When one spouse requests spousal support during a divorce, the court must determine if it will be awarded, for how much and for how long. The spouse requesting spousal support will naturally want to maximize the amount and the other spouse will want to limit or eliminate spousal support altogether. Spouses on either side of such a dispute should be familiar with how the divorce court considers requests for spousal support.
Spousal support, which may also be referred to as alimony, may be awarded in certain situations and circumstances. When deciding whether or not to award spousal support, the divorce court considers the standard of living established during the marriage. The court also asks whether one spouse has enough property and income to provide for the other spouse’s reasonable needs. Of course, the court must also consider whether the paying spouse has enough property and income to provide for their own needs.
Typically, a court determines that alimony is necessary if there is a big difference in the economic resources of the two parties. A typical case might involve one spouse who has a well-paying job while the other was a stay-at-home parent during the marriage. Even after a generous settlement of the marital property, the spouse who doesn’t have a lucrative career will be left at a distinct disadvantage without spousal support.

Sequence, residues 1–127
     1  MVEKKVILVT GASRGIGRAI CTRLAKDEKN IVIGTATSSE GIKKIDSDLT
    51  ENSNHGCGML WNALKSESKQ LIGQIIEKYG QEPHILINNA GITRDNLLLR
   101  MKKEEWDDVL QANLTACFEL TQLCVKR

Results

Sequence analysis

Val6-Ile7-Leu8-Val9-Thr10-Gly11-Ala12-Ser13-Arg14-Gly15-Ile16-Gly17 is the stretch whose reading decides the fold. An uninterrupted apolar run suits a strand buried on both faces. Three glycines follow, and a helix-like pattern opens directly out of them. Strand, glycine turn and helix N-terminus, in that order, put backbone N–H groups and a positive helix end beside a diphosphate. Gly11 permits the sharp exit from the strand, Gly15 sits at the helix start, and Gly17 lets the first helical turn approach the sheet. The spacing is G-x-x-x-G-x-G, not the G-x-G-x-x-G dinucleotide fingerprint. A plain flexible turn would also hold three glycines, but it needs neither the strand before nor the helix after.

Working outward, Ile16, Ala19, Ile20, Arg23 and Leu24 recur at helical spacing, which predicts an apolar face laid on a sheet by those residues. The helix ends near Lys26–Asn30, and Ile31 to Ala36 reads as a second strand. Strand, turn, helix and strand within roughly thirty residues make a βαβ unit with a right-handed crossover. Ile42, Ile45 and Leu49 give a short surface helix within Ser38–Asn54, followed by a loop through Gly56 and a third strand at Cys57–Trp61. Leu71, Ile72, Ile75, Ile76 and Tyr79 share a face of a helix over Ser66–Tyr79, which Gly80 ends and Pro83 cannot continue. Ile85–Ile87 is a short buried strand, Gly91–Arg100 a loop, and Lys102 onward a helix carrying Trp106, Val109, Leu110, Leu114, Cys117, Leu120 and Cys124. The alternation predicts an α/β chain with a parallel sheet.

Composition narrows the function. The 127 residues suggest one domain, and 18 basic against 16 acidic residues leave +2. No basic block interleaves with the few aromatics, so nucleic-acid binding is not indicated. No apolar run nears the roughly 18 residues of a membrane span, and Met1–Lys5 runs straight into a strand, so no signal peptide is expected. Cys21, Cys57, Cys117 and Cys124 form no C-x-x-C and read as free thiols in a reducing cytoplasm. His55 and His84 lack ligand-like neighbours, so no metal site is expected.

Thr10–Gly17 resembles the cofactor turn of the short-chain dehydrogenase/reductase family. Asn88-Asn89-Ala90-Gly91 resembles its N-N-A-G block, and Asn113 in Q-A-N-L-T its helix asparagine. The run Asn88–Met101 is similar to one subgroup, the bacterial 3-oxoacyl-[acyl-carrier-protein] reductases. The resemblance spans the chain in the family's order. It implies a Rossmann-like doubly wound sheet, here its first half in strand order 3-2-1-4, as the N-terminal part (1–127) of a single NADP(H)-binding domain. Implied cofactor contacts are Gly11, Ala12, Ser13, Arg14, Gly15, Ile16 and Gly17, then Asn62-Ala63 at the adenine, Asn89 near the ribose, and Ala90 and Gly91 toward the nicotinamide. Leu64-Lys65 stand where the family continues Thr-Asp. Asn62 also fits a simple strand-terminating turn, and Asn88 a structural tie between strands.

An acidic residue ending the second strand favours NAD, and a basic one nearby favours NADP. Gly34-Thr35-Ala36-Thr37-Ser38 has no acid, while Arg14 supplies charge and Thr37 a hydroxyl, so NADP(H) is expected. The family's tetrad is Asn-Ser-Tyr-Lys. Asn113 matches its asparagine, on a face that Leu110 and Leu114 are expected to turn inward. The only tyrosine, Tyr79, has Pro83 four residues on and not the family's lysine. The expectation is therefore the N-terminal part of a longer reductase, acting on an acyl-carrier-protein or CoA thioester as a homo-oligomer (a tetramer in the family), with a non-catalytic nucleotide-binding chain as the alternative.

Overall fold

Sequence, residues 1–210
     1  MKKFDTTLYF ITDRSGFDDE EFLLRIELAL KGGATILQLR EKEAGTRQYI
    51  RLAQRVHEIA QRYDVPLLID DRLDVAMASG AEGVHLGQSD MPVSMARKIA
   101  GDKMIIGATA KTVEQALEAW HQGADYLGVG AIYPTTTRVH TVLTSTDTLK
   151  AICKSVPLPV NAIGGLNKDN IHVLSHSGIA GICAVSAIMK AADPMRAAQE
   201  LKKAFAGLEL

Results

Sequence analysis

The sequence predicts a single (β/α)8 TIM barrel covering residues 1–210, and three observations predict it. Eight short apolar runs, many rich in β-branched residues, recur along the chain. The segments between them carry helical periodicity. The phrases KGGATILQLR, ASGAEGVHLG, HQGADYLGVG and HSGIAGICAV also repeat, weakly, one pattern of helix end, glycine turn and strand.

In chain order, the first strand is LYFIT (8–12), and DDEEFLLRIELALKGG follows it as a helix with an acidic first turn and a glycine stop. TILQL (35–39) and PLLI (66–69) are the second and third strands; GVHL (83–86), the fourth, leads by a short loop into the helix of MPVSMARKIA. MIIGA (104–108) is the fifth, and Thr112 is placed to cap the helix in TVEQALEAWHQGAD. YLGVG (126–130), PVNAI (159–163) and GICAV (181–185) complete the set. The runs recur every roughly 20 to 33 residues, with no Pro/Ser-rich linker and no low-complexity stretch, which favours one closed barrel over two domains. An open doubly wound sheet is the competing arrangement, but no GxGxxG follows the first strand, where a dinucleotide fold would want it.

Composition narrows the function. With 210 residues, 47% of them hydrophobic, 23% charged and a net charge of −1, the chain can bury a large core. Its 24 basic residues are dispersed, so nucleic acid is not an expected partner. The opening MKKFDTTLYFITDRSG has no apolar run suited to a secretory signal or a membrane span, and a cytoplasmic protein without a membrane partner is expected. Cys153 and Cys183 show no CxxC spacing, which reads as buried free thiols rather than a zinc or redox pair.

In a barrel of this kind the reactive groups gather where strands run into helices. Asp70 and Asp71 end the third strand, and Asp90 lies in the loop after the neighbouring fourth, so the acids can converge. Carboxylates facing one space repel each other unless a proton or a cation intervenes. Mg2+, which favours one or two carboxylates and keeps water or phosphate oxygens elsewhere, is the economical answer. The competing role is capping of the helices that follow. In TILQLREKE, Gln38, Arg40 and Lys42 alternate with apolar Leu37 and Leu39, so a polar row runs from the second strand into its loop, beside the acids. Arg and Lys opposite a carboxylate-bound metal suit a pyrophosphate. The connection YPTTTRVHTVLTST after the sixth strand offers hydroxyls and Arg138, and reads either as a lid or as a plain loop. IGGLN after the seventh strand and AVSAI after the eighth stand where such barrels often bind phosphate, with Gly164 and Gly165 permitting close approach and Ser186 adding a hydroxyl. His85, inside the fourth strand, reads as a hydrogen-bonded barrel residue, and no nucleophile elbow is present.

The goal of the divorce court is to make an alimony award that is fair in the circumstances. and will help the recipient spouse achieve financial independence following the divorce. Any alimony award ends if either spouse dies, the recipient spouse remarries, or after a time agreed on by the parties or decided upon by the court.
Though alimony awards are intended to be just and equitable for the divorcing spouses, this issue can spark strong disagreement. It helps for both spouses to understand the process going into it.